# [WSS16] Computational analysis of monoids and protogroup grammars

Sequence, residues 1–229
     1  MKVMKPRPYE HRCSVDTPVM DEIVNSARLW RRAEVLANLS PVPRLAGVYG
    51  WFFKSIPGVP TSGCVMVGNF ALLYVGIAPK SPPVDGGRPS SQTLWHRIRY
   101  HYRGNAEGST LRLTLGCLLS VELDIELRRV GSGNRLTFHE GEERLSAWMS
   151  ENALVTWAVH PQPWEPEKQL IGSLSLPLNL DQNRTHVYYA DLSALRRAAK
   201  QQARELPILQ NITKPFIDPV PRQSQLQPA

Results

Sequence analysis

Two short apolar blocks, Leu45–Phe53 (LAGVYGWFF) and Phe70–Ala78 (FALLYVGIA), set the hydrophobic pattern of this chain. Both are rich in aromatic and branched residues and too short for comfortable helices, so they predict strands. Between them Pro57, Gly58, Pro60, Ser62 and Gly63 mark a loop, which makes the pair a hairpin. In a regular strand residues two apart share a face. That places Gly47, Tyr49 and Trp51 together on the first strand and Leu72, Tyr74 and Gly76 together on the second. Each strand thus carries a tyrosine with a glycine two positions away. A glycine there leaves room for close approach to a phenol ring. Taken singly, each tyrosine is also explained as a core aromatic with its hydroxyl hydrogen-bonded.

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 Project description:Lambek (1999) introduced a new computational method for deciding whether an sentence in a natural language is grammatical. In his method sentences are modeled as elements of mathematical structures called pregroups. A pregroup is a monoid with an extra structure which is based on a partial order over its elements and a set of rules for how pregroup element multiplication relates to the partial order. Lambek used infinite pregroups.My project started with the enumeration of all possible multiplication tables for a set of size m=1,2,3,4. Then I developed functions to check how many of these multiplication tables correspond to a monoid. A monoid (S,[CenterDot]) is an algebraic structure consisting of a set S which is closed under a binary associative operation [CenterDot] and contains a unique identity element. In order to get the total number of non-isomorphic monoids for a certain size I had to make sure that isomorphic monoids were not counted twice. The next step was to add more axioms to the definition of monoids and arrive at the definition of pregroups. A pregroup is a quintuple (S, [CenterDot], <=, l, r) consisting of a set S, a binary operation [CenterDot], a binary relation <= and two unary operations l,r. After my search for pregroups it turned out that there aren't any pregroups of size 1,2,3,4 which have non-trivial order. Based on this observation we stated 4 lemmas which say that all finite pregroups are groups with trivial order. After arriving at this conclusion I decided to use protogroups to construct grammars. A protogroup is a quintuple (S, [CenterDot], <=, l, r), which satisfies less axioms than a pregroup but they can as well be used to construct grammars. I studied protogroup grammars which model the process of determining whether a sequence of words is grammatically correct or not. Monoid 4096 which is a protogroup with trivial order. Monoid 2984516430 as a Cellular Automaton.
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